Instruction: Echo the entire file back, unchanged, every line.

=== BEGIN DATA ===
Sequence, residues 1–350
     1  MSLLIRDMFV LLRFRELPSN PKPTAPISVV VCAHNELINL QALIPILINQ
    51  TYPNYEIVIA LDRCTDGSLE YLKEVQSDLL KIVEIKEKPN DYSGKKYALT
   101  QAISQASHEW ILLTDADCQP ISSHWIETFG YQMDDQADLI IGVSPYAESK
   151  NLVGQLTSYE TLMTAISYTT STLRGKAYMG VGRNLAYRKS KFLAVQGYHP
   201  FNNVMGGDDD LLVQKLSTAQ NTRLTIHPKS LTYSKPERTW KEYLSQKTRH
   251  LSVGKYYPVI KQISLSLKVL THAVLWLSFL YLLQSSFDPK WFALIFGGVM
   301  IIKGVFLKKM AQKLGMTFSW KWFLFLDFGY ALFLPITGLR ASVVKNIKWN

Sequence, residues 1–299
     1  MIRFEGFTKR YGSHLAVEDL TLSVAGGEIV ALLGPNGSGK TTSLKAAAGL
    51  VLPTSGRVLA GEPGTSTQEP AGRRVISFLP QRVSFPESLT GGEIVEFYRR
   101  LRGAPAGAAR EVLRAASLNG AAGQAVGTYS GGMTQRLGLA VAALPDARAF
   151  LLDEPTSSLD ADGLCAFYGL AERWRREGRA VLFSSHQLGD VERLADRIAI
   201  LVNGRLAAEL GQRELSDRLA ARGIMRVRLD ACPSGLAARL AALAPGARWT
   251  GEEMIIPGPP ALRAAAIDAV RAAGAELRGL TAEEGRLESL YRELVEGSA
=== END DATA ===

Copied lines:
Sequence, residues 1–350
     1  MSLLIRDMFV LLRFRELPSN PKPTAPISVV VCAHNELINL QALIPILINQ
    51  TYPNYEIVIA LDRCTDGSLE YLKEVQSDLL KIVEIKEKPN DYSGKKYALT
   101  QAISQASHEW ILLTDADCQP ISSHWIETFG YQMDDQADLI IGVSPYAESK
   151  NLVGQLTSYE TLMTAISYTT STLRGKAYMG VGRNLAYRKS KFLAVQGYHP
   201  FNNVMGGDDD LLVQKLSTAQ NTRLTIHPKS LTYSKPERTW KEYLSQKTRH
   251  LSVGKYYPVI KQISLSLKVL THAVLWLSFL YLLQSSFDPK WFALIFGGVM
   301  IIKGVFLKKM AQKLGMTFSW KWFLFLDFGY ALFLPITGLR ASVVKNIKWN

Sequence, residues 1–299
     1  MIRFEGFTKR YGSHLAVEDL TLSVAGGEIV ALLGPNGSGK TTSLKAAAGL
    51  VLPTSGRVLA GEPGTSTQEP AGRRVISFLP QRVSFPESLT GGEIVEFYRR
   101  LRGAPAGAAR EVLRAASLNG AAGQAVGTYS GGMTQRLGLA VAALPDARAF
   151  LLDEPTSSLD ADGLCAFYGL AERWRREGRA VLFSSHQLGD VERLADRIAI
   201  LVNGRLAAEL GQRELSDRLA ARGIMRVRLD ACPSGLAARL AALAPGARWT
   251  GEEMIIPGPP ALRAAAIDAV RAAGAELRGL TAEEGRLESL YRELVEGSA